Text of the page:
They had two Wide Receivers, back then they were called "Right/Left End". Everybody else on that team was a Tailback/Halfback. Heck their leading passers were TB/HB. This was an era where everybody ran the ball. Passing was an afterthough and receivers were used to block. So when Hutson ran past everybody you came up to get the runner, it was an easy pitch and catch every time.
In 1942, out of the 172 compltetions made by the team, 74 of them went to Hutson. I'm not very good at math, but that's 43% of passing plays according to my calculator.
In 1987 (Rice's 22 TD season), he had 65 receptions of the team's 322 completions. That's good for 20%. (I'll expand next arg)
1942- 17 Touchdowns in 11 Games (+6)
1987- 22 Touchdowns in 16 Games (+6)
There's something similar about that stat DJ. Can you point it out for the audience please?
Out of room. Expect MUCH MUCH more.
DJRoxalot said 11/22, 05:49 AM
The Packers attempted 330 passes in 11 games=30 passes per game.
They ran the ball 422 times, or 38 times a game. Not exactly a bad ratio of passes to run attempts.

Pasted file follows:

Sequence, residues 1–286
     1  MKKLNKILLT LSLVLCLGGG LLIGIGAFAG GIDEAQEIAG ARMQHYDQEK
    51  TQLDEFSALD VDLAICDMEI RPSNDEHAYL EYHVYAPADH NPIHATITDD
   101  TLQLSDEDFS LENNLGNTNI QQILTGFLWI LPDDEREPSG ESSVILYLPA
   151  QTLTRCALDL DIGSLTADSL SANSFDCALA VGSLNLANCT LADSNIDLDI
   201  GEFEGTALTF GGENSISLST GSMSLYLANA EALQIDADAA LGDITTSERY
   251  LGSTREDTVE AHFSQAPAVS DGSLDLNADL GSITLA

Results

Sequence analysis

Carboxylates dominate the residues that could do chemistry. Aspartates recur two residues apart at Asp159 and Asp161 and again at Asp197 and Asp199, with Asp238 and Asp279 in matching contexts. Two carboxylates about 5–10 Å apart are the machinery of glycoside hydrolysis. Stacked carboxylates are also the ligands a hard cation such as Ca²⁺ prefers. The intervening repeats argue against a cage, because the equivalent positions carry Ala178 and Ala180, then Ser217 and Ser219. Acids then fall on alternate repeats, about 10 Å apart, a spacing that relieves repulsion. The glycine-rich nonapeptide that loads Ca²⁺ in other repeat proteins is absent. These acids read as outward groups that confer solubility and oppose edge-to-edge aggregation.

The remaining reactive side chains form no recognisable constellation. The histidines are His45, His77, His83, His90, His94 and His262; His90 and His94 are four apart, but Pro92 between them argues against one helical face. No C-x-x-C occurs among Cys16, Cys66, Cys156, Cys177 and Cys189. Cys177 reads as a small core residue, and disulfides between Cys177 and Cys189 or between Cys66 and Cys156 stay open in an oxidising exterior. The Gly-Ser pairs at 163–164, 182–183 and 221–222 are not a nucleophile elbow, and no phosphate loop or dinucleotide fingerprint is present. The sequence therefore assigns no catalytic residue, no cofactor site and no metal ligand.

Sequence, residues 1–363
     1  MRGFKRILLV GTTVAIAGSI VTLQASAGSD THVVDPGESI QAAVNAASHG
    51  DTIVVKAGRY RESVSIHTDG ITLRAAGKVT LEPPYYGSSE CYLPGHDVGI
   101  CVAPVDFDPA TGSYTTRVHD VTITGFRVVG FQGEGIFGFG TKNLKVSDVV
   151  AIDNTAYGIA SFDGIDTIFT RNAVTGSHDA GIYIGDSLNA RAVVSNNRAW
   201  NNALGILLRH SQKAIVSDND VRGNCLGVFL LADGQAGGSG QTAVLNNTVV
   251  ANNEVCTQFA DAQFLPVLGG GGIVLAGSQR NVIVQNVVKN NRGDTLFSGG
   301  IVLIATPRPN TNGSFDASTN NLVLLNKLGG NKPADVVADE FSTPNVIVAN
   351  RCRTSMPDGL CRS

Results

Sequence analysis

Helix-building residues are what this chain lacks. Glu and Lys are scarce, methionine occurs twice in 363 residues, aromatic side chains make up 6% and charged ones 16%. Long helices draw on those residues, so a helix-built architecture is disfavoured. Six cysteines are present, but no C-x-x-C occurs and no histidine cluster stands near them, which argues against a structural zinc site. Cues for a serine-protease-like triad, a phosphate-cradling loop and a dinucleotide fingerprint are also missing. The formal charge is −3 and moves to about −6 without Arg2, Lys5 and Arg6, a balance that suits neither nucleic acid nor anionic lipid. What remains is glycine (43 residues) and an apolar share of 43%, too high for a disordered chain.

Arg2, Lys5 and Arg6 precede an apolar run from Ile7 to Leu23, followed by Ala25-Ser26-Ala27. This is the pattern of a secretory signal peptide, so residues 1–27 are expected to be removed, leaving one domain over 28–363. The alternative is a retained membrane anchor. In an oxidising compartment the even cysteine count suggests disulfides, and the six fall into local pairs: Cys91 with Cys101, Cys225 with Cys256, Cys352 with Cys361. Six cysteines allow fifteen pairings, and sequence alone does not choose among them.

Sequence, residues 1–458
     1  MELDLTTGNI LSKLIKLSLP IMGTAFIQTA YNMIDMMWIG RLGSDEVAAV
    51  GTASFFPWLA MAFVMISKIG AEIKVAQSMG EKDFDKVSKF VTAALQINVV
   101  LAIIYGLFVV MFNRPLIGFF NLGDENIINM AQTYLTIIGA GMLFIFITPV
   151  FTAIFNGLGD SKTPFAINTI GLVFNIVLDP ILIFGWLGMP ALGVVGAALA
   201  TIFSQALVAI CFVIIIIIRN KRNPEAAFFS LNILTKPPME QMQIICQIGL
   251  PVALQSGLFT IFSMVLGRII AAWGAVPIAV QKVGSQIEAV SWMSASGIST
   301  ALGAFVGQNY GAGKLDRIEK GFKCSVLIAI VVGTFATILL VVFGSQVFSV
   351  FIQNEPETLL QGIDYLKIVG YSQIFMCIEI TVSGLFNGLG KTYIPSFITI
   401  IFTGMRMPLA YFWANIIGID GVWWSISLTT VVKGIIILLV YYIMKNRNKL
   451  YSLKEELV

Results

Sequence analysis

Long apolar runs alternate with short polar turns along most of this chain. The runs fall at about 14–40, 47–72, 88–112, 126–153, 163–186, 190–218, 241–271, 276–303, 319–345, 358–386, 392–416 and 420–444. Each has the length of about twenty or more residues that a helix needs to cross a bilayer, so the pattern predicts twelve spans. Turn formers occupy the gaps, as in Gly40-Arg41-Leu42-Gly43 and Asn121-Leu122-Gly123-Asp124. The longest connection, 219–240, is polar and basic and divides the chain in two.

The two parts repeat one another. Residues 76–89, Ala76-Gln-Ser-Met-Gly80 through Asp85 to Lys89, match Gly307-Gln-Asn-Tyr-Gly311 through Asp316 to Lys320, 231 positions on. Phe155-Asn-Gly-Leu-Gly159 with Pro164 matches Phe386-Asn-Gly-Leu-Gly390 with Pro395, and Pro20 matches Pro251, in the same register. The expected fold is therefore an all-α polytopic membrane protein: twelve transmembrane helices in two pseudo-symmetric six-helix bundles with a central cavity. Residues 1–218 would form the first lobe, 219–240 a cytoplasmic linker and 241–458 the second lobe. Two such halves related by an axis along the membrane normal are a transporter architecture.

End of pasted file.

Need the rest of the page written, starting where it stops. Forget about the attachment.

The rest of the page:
The Packers were throwing the ball a lot more than most teams. So while other teams were running the ball a lot more GB was ahead of the game more than other teams.
You can say all the other receivers sucked or you can say Hutson was the first great receiver. I choose to say he was the first great receiver of his time.
Hutson led the NFL in yards 7 of 11 seasons.
He led the NFL in ypg in 8 of 11 seasons.
He led the NFL in TD's in 9 of 11 seasons.
He led the NFL in yards from scrimmage in 3 of 11 seasons.
Rice played when the rules were different and receivers didn't have to worry about pass interference. Hutson played when the rules weren't as refined as they are today.
You want me to point out that Hutson was better in the Red Zone. Ha, sure. Hutson averaged 1.55 TD's per game in 1942, while Rice averaged 1.55.
Hutson was better.
(KMac) Lame Sauce said 11/22, 09:56 PM
"So while other teams were running the ball a lot more GB was ahead of the game more than other teams."